“I had to prepare and develop a roadmap for myself for their emotional and mental life. With Adelaide for example, we spoke a lot about her pursuit of normalcy. She doesn’t want anything but to pass. That’s her thing. She has a deep, dark secret, and she’s not trying to gain any attention. For that reason, I approached her with a more naturalistic performance sensibility. I tried to always hold her with more diagonal posture, twisted, in a way. She’s got something she’s hiding. She’s never straightforward in the way she stands.”

This sort of geometric way of building a character isn’t all that unusual in acting methodology. Famed teacher Michael Chekhov developed the archetypal concept of psychological gestures. These are unique physical movements that can correlate with emotional states. This technique is typically used in more avant-garde theater. But when refined for film, it can be a compelling tool for an actor to emotionally connect with their character purely through their physicality. She took a similar approach when developing the physical vocabulary of Red,

“[Red] is who she says she is. She’s misunderstood, for sure, but she’s straightforward. And Jordan had talked about her having this regality, and also a cockroach quality to her. The way she moves, you can’t tell what direction she’s going to go, and cockroaches move in a very skittery manner. But then, also, her resilience.”

We can see those cockroach qualities plainly in the sharp speed of Red’s movements and vocal tics. As she first enters the Wilsons’ living room, she quite literally skitters across the floor with short steps. She briefly pauses, staring at an object, before zipping to another corner of the room. Later, she offers up a series of clicks in lieu of language as she commands Umbrae (Shahadi Wright Joseph) to chase after her double, Zora. 

But Nyong’o is able to be even more creative with how she embodies this insect-like movement. Take one of the film’s most celebrated shots; the close-up of Red’s face staring at Addy. With an acute sense of mania in her eyes, she cocks her head and drums her fingers in rhythm across her cheeks. We can practically see Red salivating at the thought of finally getting her revenge on Addy. Even though the movements are small, those cockroach vibes are still readily apparent in the skin-crawling quality of her physicality. Because she has thoroughly embodied her cockroach queen sensibility, it effortlessly bleeds out of her and onto the screen.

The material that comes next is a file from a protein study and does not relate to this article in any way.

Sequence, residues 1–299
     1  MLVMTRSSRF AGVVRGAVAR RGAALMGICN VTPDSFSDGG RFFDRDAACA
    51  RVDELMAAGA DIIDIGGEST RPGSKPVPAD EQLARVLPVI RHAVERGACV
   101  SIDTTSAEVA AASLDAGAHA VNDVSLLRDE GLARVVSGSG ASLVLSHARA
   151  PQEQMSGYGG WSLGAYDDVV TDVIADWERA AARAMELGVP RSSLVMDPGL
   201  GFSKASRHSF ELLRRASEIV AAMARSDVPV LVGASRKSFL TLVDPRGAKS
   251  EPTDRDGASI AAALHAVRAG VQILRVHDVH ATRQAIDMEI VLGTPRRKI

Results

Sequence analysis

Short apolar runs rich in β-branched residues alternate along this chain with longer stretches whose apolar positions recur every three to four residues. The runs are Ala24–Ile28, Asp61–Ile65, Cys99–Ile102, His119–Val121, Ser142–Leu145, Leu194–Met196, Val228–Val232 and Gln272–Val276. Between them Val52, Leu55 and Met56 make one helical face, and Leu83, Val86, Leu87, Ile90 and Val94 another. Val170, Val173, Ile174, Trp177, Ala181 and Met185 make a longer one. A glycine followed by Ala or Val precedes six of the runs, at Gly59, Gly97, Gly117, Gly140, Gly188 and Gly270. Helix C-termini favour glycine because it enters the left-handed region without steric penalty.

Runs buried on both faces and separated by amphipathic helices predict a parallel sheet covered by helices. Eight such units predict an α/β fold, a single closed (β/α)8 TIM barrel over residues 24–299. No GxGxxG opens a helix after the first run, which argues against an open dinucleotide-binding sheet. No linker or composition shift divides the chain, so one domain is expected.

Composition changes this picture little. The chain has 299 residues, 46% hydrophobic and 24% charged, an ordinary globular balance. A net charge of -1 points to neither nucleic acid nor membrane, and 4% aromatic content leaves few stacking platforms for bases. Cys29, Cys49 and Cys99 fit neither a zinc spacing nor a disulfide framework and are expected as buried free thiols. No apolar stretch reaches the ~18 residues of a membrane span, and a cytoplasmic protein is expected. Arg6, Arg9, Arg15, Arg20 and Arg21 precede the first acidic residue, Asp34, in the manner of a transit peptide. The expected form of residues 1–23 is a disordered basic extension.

As I revisited Us for this piece, a thought occurred to me. The opposing physicalities that Lupita Nyong’o gives Addy and Red can be seen as a representation of the relationship between The Tethered and their surface-dwelling doubles. Despite keeping herself on guard, Addy has a freedom of movement that Red simply has never been allowed to have. Sure, we see Red’s gracefulness in the final ballet fight, but her primary physicality is filled with rigid structure. Much like the rigid structure of The Tethered’s abuse-riddled lives underground.

In Us, not only did Lupita Nyong’o deliver a carefully crafted performance that was as shocking as it was emotionally devastating. She also used her physicality to say something thematically about her character. That’s an actor’s parlor trick we rarely get to see captured on film, but Nyong’o is a rare kind of performer. With each role she plays, she effortlessly bridges the gap between acting methods, inherent naturalism, and the abject emotional dynamics required to bring grueling characters like Addy and Red to life.

Jacob Trussell: Jacob Trussell is a writer based in New York City. His editorial work has been featured on the BBC, NPR, Rue Morgue Magazine, Film School Rejects, and One Perfect Shot. He's also the author of 'The Binge Watcher's Guide to The Twilight Zone' (Riverdale Avenue Books). Available to host your next spooky public access show. Find him on Twitter here: @JE_TRUSSELL (He/Him)